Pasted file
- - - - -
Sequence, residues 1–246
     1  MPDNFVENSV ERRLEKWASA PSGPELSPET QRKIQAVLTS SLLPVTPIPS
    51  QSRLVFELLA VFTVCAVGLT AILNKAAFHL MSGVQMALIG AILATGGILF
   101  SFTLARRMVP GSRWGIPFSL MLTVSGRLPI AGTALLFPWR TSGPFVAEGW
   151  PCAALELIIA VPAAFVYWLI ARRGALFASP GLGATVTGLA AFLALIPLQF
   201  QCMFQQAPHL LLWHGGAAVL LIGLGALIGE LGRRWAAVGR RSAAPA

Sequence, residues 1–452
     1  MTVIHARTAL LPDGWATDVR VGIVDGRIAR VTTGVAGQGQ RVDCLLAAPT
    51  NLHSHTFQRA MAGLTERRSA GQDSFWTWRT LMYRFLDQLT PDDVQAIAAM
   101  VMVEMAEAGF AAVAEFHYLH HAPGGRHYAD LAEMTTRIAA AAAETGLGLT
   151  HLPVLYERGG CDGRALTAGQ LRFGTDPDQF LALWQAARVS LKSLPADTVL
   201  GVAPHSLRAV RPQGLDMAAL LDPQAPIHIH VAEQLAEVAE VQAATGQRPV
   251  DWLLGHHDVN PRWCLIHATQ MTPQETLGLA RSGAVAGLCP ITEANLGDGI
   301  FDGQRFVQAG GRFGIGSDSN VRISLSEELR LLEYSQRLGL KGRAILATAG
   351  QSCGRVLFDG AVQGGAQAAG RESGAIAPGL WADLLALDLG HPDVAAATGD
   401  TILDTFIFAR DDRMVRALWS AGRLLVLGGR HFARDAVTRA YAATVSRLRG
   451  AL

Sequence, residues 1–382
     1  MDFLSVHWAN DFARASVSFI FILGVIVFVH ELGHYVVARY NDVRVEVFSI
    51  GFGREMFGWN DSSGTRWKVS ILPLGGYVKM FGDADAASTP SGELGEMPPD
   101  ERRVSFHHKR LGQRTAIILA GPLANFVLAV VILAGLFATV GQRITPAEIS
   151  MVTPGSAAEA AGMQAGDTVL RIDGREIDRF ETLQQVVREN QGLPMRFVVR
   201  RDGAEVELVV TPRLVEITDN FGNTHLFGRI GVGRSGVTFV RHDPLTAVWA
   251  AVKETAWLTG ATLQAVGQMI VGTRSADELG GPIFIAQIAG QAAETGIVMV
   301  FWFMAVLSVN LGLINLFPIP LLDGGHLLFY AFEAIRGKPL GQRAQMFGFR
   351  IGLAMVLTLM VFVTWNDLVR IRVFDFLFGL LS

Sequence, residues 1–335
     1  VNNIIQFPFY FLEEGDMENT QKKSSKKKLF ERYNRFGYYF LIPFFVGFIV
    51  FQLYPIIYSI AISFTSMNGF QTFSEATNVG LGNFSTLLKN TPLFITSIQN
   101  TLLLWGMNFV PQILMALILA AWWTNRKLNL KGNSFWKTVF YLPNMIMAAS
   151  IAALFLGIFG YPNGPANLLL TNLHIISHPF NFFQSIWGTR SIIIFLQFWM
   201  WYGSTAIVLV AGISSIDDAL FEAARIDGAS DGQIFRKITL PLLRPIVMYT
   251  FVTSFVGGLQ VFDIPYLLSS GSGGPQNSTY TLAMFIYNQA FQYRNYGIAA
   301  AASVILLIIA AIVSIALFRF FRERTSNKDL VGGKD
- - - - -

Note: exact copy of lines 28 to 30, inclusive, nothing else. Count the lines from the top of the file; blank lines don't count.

     1  VNNIIQFPFY FLEEGDMENT QKKSSKKKLF ERYNRFGYYF LIPFFVGFIV
    51  FQLYPIIYSI AISFTSMNGF QTFSEATNVG LGNFSTLLKN TPLFITSIQN
   101  TLLLWGMNFV PQILMALILA AWWTNRKLNL KGNSFWKTVF YLPNMIMAAS